With reference being made to FIG. 7, an optical visor 100 constructed in accordance with the invention herein, may be used either by itself or associated with a sun visor 102. Sun visor 102 may be mounted on the same helmet as visor 100 and may be manually added or removed as required or desired by the helmet wearer for such situations as night flight or sun glare.
Visor 100 is preferably constructed of a clear material such as an acrylic or polycarbonate plastic. Sun visor 102 may be constructed of a material similar to that of visor 100, but having a tint that provides a transmissivity of about 15 percent of ambient light.
Broad band anti-reflection coatings 104 are deposited on the inner and outer surfaces 106, 108 of sun visor 102 and on the outer surface 110 of visor 100.
A narrow-band reflective coating 112, that has about 30 percent reflectivity at the projection wavelength of the optics and CRT system employed with optical visor 100, is deposited on inner surface 114 of visor 100. Specifically, as best seen in the graphs illustrated in FIGS. 8, 9, and 10, optical or clear visor 100 has a tuned reflective coating 112 deposited on its inner surface 114 that is designed to maximize reflectance of the projected CRT/Optics system 116 phosphor color while at the same time minimizing color subtracted from the outside world.
Using this reflective coating scheme, the anti-reflective coatings are effective to minimize ghost-images of all kinds, such as, CRT symbology, "sun balls", instrument panel lighting, etc.
Likewise, the thickness of optical visor 100 is determined not by reflectivity or transmissivity considerations, but by the impact protection requirements of the wearer.
See-through distortion correction of optical visor 100 is preferably accomplished by forming the outer surface 110 of optical visor 100 into a shape that is substantially a replica of the inner surface 114 of optical visor 100 as described above.
In addition to discovering the improved visor construction described above, applicants have developed a highly effective method of constructing visors with substantially cofocal inner and outer surfaces in accordance with the improved visor construction described above.
The preferred method for fabricating a visor for mounting on a helmet adapted to be worn by an individual, includes the steps of first establishing an orthogonal coordinate system of spatial reference having its origin located on an inner concave surface of the desired visor and its z-axis parallel to the line of sight of the individual intended to be wearing the helmet. Next, one must generate a solution set of values for the multi-variable function defined by the following system with respect to the orthogonal coordinate system of spatial reference previously established: ##EQU7##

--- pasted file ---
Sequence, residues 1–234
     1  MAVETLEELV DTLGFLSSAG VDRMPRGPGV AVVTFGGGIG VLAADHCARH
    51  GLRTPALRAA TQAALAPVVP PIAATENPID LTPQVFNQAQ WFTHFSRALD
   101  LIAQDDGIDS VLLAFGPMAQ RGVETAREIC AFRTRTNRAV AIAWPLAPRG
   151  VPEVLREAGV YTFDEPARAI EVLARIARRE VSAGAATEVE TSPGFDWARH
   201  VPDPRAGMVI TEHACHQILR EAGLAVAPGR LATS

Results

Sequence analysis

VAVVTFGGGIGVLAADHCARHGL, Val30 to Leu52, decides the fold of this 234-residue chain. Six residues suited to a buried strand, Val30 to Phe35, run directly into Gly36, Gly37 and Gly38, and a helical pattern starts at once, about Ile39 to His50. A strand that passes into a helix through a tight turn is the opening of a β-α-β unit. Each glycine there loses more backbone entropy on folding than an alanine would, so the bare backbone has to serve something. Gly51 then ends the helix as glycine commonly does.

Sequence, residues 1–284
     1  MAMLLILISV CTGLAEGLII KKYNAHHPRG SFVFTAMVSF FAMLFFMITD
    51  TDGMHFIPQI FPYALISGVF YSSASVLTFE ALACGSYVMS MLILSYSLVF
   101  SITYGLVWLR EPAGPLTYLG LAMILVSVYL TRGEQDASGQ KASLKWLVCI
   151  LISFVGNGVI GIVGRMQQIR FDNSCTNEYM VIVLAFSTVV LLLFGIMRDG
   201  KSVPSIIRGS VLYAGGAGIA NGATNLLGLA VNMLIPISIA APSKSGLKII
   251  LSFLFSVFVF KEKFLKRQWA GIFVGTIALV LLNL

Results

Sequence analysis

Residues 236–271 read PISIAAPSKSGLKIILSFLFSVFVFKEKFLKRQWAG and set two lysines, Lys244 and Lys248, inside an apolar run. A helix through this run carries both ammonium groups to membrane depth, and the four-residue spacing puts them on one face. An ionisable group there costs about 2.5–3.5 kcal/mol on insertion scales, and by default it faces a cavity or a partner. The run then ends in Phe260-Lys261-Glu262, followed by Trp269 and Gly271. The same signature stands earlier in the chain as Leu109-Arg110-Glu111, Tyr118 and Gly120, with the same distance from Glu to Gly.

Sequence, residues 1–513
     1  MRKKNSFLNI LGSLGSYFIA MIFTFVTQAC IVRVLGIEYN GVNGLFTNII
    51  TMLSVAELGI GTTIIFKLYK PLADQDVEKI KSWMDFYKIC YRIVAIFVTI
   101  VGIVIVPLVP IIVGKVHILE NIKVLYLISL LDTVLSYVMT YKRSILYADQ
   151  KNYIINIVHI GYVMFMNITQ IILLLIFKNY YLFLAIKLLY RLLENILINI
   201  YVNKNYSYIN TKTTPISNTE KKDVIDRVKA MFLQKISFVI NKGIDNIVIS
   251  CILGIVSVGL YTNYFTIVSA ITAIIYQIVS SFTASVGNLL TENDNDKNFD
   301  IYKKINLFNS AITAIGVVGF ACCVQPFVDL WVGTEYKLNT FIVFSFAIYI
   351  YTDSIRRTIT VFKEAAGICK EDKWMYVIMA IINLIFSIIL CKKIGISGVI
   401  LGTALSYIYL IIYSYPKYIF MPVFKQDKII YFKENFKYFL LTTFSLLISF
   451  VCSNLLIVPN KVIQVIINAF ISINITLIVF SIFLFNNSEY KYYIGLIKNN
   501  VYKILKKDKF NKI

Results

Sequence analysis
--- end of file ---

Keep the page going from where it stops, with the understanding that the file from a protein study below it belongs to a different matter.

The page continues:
Once the above series of equations has been solved for the particular solution set desired for a chosen set of variables, the solution set of values is preferably stored in a form and a medium adapted for use in a numerically controlled manufacturing system.
It is now preferable to use a numerically controlled manufacturing system apparatus controlled by the stored solution set of values to form a sheet of material to conform on at least one of its surfaces to a spatial representation of the solution set of values with respect to the orthogonal coordinate system of spatial reference.
More specifically, the numerically controlled manufacturing system can be utilized to produce a mold useful in injection molding. Injection molding includes forming a generally flat acrylic or polycarbonate plastic sheet into the visor by such known processes as heat forming and vacuum forming of the sheet in the mold.
The invention described above is, of course, susceptible to many variations, modifications and changes, all of which are within the skill of the art and it is to be understood that all such variations, modifications and changes are within the spirit and scope of the invention and of the appended claims. Similarly, it will be understood that it is intended to cover all changes, modifications and variations of the example of the invention herein disclosed for the purpose of illustration which do not constitute departures from the spirit and scope of the invention.
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|U.S. Classification||345/8, 2/424|
|International Classification||G02B27/00, B64D45/08, A42B3/22, G02C7/00, G02B27/02, G02C9/00, G02B27/01|
|Cooperative Classification||A42B3/228, A42B3/042, G02B2027/0132, G02B27/0172, G02B27/017|
|European Classification||G02B27/01C1, A42B3/04B4, A42B3/22F|
|Oct 27, 1986||AS||Assignment|
Owner name: KAISER AEROSPACE AND ELECTRONICS CORPORATION, OAKL
Free format text: ASSIGNMENT OF ASSIGNORS INTEREST.;ASSIGNORS:EVANS, CHARLES D.;TIRUMS, ANDREW T.;LARKIN, ERIC W.;REEL/FRAME:004629/0915;SIGNING DATES FROM 19860903 TO 19860915
Owner name: KAISER AEROSPACE AND ELECTRONICS CORPORATION,CALIF
Free format text: ASSIGNMENT OF ASSIGNORS INTEREST;ASSIGNORS:EVANS, CHARLES D.;TIRUMS, ANDREW T.;LARKIN, ERIC W.;SIGNING DATES FROM 19860903 TO 19860915;REEL/FRAME:004629/0915
|Dec 13, 1991||FPAY||Fee payment|
Year of fee payment: 4
|Jan 4, 1996||FPAY||Fee payment|
Year of fee payment: 8
|Jan 4, 2000||FPAY||Fee payment|
Year of fee payment: 12